Electra: A Traveling Photo Diary


DECEMBER 14-16, 2013: The original plan involved cars, 4 musicians, gear, and a gig in Burlington VT. By the time our Metronorth train pulled out of the tunnel at the 125 Street station though, the city was turning strange with snow. The track to Poughkeepsie follows the Hudson and pretty soon we couldn’t see the other side … ELECTRA!!!


Our lite vehicles were decommissioned. So the first night I played a surprise basement gig in Pokip, and then by God we each wanted a little slice of Canada so Amtrak tix to Montreal ($67, 9 hours each way) were purchased, in order to make the second scheduled show after all.


Why am I compelled to make bad jokes with border patrol?! The train has stopped here but there is no discernible border, no fence, no tollbooth even. The authority goes down the middle aisle exactly like a dementor to address each passenger. It’s my turn. I tell him that my friends and I are staying with a sort of uncle (true but not the whole truth, as gigging is illegal). He says, “Are you bringing anything for him?” A gentle smuggling inquiry, to which I reply, “No, but thanks for the reminder, you’re right! I’d better buy him a nice bottle of wine!” and I laugh and laugh with my eyes open until he walks away. Because this level of nervousness satisfies him that I am only non-essentially subversive. I suppose it is expected of innocent people that they should fear.


Montreal is a lot more foreign than I gave it credit for. Ignoramus! For instance the guy who sells you aspirin at the train station has no pretensions and at the same time he clearly prefers French to English. Does this mean that I can speak French without being pretentious? No! Parce qu’il est Quebecois and he has authority over the ramifications of his own tongue.

Someone tries to convince us to try the bagels, and I’m sorry but we live in New York.


There’s no bother between the land and the frozen river also piled with snow. A man dances with a wooden pallet across a packed-down lot, his overcoat is a great equalizer. A tableau is a pattern that seems eternal but is really just regional.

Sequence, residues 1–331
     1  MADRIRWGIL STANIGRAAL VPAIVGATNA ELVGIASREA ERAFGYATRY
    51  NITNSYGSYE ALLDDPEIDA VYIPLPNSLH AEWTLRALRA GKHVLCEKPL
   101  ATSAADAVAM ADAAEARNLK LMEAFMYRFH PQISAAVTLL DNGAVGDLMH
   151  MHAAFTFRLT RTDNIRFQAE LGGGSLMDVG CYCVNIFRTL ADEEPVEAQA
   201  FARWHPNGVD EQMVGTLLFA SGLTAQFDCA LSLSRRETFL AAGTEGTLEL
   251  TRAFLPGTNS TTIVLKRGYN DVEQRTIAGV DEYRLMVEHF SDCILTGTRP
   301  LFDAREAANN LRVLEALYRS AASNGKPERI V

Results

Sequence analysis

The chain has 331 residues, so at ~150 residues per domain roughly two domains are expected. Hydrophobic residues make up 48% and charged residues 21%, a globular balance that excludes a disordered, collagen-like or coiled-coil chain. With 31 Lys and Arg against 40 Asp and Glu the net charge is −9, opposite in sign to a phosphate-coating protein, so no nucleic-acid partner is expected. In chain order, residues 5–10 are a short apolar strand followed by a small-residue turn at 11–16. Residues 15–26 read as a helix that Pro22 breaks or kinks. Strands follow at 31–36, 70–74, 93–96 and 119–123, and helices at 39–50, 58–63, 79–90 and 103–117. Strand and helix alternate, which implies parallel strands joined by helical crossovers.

We are back Stateside now. A silverback businessman dictates a Christmas card to his secretary from the train.

“Hey, chief. Yeah, here it is: ‘Cory got straight A’s this semester. Way to go, Cory.’ Exclamation point. Read back what I have. Oh, add Jim and Carol Brady. Thanks Ann.”

Click. He talks to the woman in the seat next to him. So far they’ve mostly been making out. His phone rings again.

“Yeah, hey Ann, can you add Allen and Susan? No … I’m just thinking about Jim Connolly … that’s a little stretch. I’ll tell Jim in private. Thanks Ann.”


A few seats over I’m writing my Christmas cards too. I’m thinking of writing to someone, “I know I don’t always make it easy, but I’m thinking long & hard about this Christmas card.” And then I’m wondering if I can write a really touching holiday song on this theme for next year. Jesus! What a scumbag! What debris I’m churning out as I barrel forward!


“Yeah this is where you get off. Albany. Good luck in your travels.”

“Thank you you too.”

“Merry Christmas.”

“You too.”


photography: Andrew Williams
words: Cal Folger Day